PARK CITY, Utah — It was Dave Grohl's night, and not a single song he wrote was played.
To promote his debut filmmaking endeavor, "Sound City," at the Sundance Film Festival, the Foo Fighters' frontman invited his friends (who just so happen to be modern day musical gods) to put on a concert at the cozy Park City Live on frigid Friday night (January 18). In a way, the three-plus hour concert was the spiritual stage version of Grohl's documentary.
Welcome to "Sound City"
"Sound City" is the rock-and-roll version of "The Sisterhood of the Traveling Pants" — the story of how generations of bands came together and found their voices through the same customized analog mixing console at the legendary Sound City Studios in Los Angeles. However, the narrative isn't just about a piece of hardware, but rather the creation of an artistic community. The film's message is what Grohl was referring to in his widely misinterpreted Grammy acceptance speech from last year: music isn't mathematical, it's about the human experience of creating art and the shared understanding forged from loving music. And like any good director, Grohl's cast encompasses players that are both his frequent collaborators and his heavy influencers.
Paying that sentiment forward at Park City Live, the Foos played as backing band for a rotating cavalry of rockers that could have doubled as the cast of "This is Your Life, Dave Grohl." Each artist that joined the Foo Fighters on stage had recorded an iconic album at the lauded Sound City Studios.
The 90's and Punk Rock Roots
Jumping on bass, the perpetually smiling Grohl greeted the crowd by welcoming on-and-off band mate Alain Johannes to the stage and ripping through songs from Queens of the Stone Age and Eleven. Shortly after, Masters of Reality frontman Chris Goss joined the fray. Once the set was satiated with the grunge pioneer set, current Foo and former Nirvana and Germs guitarist Pat Smear ushered in the punk rock portion of the night. Looking like a hybrid of Johnny Cash and a bulldog, Fear singer Lee Ving — best known for destroying the set of "Saturday Night Life" in 1981 and starring in 1985's "Clue," — riled up the crowd as he barked songs about beer and bologna.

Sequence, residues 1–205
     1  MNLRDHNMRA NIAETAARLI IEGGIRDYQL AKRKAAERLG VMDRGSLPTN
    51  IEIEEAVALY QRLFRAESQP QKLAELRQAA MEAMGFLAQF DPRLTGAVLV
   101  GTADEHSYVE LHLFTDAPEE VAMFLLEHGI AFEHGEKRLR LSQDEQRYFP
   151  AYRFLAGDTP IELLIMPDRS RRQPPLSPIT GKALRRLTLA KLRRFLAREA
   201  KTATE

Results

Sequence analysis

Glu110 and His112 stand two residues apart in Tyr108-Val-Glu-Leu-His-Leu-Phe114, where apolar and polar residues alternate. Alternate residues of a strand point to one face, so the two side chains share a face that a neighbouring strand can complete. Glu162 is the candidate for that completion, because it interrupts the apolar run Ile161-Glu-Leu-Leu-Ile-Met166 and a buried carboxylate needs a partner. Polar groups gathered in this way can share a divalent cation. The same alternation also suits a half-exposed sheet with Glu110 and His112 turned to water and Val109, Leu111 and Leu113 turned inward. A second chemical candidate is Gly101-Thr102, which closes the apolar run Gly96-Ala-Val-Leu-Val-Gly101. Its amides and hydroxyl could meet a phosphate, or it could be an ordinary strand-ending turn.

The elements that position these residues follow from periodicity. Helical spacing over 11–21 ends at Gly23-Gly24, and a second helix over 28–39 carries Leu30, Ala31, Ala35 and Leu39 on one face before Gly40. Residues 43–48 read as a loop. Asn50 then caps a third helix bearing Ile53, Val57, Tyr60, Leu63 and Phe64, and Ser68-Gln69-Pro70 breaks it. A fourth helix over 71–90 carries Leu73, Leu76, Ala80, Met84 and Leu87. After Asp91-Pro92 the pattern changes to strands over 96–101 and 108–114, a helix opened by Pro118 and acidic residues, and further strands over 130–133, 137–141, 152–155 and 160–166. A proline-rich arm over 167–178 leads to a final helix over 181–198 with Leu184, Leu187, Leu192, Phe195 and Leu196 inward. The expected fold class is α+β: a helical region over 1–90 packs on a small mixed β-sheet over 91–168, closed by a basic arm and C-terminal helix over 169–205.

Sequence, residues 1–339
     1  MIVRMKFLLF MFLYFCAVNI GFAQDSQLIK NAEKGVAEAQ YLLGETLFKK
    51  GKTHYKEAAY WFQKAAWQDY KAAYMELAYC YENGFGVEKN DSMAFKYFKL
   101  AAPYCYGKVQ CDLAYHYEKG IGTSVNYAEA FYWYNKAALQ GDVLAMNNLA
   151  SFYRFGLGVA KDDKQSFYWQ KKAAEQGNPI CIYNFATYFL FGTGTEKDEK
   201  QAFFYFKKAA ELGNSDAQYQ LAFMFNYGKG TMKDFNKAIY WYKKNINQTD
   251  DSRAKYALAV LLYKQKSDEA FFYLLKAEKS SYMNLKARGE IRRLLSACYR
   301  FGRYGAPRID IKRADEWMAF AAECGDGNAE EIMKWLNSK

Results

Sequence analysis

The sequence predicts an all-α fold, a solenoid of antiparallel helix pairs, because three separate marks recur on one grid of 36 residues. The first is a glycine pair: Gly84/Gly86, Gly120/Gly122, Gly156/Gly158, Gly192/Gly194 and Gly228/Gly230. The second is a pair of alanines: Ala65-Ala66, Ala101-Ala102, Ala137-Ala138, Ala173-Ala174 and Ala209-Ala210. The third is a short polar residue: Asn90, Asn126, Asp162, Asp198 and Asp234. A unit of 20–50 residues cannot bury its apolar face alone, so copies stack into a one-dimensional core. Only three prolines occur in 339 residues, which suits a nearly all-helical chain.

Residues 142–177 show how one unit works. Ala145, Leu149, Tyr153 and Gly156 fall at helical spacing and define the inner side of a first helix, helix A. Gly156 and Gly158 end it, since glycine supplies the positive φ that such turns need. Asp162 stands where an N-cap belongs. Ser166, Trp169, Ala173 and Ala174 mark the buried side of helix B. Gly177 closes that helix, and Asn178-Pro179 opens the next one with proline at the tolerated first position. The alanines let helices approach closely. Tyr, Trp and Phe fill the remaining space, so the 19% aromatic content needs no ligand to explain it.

In the most bizarrely awesome pairing of the night, Grohl shifted to the drum kit and Krist Novoselic picked up the bass as Cheap Trick founder Rick Nielsen joined the remaining members of Nirvana along with Slipknot singer Corey Taylor. Subverting Grohl's metal past (see: Probot), the temporary super-group delivered an adrenaline fueled cover of "Surrender," with Taylor playing the role of a surprisingly peppy ringleader. To follow-up, the Foo Fighters backed up an unexpectedly hard-rocking Rick Springfield, who kept the energy high by giving the crowd another karaoke favorite with "Jessie's Girl."
There Goes My Hero(es)
To close out the night, flannelled Creedence founder John Fogerty brought back the blues roots with a mini-CCR set, playing anthems like "Bad Moon Rising," "Proud Mary," and to finish, a Foo-ified version of " Fortunate Son."
The crowd played favorites for the final performer of the night: Stevie Nicks. Introduced by Grohl as the "Queen of Rock and Roll," the Fleetwood Mac star was greeted by a sea of camera flashes and a new surge from the crowd. Nicks debuted a new song from the "Sound City" soundtrack about the death of her godson, a stalwart, octave-driven anthem called "You Can't Fix This." Nicks and the Foos then launched into a set of Fleetwood Mac hits, with Nicks bringing the night full circle by going back to her roots, citing "Landslide" as the song that made her the songwriter and performer that she is today.
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